2008-03-24

Panel discussion on music downloading at UGA

The University of Georgia and its students are raising awareness of the risks of illegally downloading music or other media and promoting legal alternatives. A panel discussion called "Face the Music" on the topic will be held Tuesday, March 24 at 7:30 p.m. in room 248 of the Student Learning Center (a.k.a. Student Learning Castle). The diverse panel includes a UGA student who was threatened with legal action for downloading, a musician, a professor, a representative from a music downloading company, and media types.

The panel is being organized by the Do It Legally campaign, a group of students in the public relations campaigns course taught by Professor Kaye Sweetser. This campaign is sponsored by the university's Committee on Digital Media Downloading which has members from several departments and the Student Government Association. The university is interested in curbing the use of its network for illegal downloads. Although the university does not monitor its networks for such activities, it has to respond to certain legal requests from the recording industry when it seeks to identify users targeted in lawsuits.

3 comments:

Model Consumer said...

I strongly disagree that UGA is obligated to divulge private information about its computer networks to the RIAA. I don't dispute this on legal grounds, just as a de facto reality. (I'm not sure if that's what you meant to say in that last bit of your post either, but this is relevant to the discussion in any case.)

See
EFF article: "RIAA to Universities: Help us Threaten Your Students"

(a quote from above article:) "UPDATE: The University of Wisconsin is refusing to forward the pre-litigation letters to its students. Says Brian Rust of UW's IT department: "These settlement letters are an attempt to short circuit the legal process to rely on universities to be their legal agent." We couldn't have said it better ourselves. On Wisconsin! Update to the Update: The University of Maine has decided to folllow suit. UM spokeperson John Diamond: "It's not the university's role to, in effect, serve papers on our students for another party." Go Black Bears!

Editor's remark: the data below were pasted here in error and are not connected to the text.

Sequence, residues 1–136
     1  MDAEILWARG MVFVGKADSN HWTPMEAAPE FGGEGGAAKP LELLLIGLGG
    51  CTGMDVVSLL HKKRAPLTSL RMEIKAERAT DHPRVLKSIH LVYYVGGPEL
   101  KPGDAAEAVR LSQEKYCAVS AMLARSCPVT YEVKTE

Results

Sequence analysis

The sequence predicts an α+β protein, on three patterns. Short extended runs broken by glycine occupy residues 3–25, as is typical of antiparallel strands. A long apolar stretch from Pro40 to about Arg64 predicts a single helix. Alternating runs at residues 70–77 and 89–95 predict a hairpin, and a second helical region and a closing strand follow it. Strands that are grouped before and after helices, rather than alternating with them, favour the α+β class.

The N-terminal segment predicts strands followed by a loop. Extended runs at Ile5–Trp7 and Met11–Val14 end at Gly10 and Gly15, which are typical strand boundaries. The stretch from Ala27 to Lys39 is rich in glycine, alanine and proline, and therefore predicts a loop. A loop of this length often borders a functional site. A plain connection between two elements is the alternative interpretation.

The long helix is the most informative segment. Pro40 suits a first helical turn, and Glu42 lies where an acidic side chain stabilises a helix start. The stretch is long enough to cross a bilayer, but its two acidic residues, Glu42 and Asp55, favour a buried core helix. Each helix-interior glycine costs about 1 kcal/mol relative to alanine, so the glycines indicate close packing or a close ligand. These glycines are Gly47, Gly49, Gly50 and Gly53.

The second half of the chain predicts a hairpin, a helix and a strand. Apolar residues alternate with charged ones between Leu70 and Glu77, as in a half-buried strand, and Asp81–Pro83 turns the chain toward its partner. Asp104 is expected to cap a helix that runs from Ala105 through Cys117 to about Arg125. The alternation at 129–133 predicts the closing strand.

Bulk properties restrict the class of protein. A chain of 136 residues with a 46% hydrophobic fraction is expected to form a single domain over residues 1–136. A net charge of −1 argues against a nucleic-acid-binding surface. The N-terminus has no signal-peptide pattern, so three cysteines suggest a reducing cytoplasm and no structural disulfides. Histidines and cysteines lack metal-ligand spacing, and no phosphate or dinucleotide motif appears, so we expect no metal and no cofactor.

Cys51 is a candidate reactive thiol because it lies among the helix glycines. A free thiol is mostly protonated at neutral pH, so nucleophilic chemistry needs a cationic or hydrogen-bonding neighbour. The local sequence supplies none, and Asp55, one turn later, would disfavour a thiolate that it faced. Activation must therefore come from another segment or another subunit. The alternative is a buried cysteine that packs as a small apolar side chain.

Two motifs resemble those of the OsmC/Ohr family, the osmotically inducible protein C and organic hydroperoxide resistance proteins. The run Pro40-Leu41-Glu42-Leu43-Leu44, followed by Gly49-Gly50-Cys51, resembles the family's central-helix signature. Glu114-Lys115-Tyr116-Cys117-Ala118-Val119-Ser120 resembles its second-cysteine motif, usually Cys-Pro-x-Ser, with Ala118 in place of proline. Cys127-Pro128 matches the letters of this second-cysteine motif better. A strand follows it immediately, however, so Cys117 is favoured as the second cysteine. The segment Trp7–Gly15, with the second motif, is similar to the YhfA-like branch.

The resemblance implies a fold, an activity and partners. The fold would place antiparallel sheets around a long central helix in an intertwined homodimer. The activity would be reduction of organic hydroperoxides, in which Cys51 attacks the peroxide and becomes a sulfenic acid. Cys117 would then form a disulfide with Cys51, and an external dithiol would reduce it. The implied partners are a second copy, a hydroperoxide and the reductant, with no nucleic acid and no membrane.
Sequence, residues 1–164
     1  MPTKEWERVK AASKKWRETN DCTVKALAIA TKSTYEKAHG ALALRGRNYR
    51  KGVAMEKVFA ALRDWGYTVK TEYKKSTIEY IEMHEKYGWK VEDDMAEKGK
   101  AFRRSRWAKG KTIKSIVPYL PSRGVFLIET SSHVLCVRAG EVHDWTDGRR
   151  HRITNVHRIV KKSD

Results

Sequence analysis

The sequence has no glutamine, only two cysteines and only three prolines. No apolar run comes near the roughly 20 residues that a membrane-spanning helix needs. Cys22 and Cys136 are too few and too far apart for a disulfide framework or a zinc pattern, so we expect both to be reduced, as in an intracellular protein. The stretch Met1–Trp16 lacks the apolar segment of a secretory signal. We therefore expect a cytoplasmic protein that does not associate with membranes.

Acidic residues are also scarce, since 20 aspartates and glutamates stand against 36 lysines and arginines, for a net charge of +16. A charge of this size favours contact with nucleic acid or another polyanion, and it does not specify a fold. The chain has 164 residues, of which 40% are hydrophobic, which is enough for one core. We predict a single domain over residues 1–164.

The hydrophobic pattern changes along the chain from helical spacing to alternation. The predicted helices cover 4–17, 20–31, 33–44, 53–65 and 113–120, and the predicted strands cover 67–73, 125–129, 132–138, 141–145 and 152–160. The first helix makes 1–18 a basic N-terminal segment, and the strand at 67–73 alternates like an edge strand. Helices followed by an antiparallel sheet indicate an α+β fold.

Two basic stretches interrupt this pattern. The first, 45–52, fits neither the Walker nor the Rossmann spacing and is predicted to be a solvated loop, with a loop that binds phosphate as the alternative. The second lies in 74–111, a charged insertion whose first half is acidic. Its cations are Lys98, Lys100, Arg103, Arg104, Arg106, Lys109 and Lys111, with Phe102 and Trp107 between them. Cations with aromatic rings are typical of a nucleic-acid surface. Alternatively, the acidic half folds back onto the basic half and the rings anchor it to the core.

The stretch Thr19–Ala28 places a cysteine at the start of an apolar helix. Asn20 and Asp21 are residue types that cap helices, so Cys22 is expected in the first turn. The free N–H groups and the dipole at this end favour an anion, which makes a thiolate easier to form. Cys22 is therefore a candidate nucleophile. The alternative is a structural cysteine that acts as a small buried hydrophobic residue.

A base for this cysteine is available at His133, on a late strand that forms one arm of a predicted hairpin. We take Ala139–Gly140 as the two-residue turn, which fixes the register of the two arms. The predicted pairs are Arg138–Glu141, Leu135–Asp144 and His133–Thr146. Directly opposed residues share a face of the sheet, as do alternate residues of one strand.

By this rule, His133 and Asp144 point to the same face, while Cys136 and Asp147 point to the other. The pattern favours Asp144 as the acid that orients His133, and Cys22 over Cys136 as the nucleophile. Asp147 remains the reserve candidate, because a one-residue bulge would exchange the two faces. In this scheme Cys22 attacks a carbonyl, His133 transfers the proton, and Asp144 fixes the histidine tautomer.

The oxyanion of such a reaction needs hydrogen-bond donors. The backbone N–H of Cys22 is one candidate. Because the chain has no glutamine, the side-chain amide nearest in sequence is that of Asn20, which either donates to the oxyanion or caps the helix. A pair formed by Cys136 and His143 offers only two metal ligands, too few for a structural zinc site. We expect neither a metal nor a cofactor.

UPDATE: The University of Nebraska has found a unique way of resisting the RIAA's newest shakedown. Not only will it not pass on most of the letters, the institution is demanding reimbursement for the cost of processing the complaints. Equally notable is the institution's reason for not passing on most of the letters: it can't, because it only retains IP address logs for a month."

Also, Slashdot posting re: the University of Wisconsin refusing to forward RIAA letters...

(here is the original post linked above):
" stephencrane informs us of an interesting development at UW Madison. The school, along with many others, has been sent "settlement letters" by the RIAA with instructions to forward them to particular students (or other university community members) that the RIAA believes guilty of illegal filesharing. The letters order the assumed filesharers to identify themselves and to pay for the content they are supposed to have "pirated." The university has sent a blanket letter to all students, reiterating the school's acceptable use policies, but has refused to forward individual letters without a valid subpoena. This lawyer's blog reproduces the letter. The campus newspaper has some coverage on the university's stance."

Adrian said...

I worded the last sentence that way to describe UGA's obligation to respond to subpoenas. UGA does say it is forwarding the pre-litigation letters. I'm glad that some universities are resisting. In fact, there should be a lot more resistance. The news is full of stories that show that the RIAA is abusing the legal process and some of its attorneys are violating their oaths.

Model Consumer said...

Hey... I assumed you'd agree; please excuse any poor reading/interpretation on my part!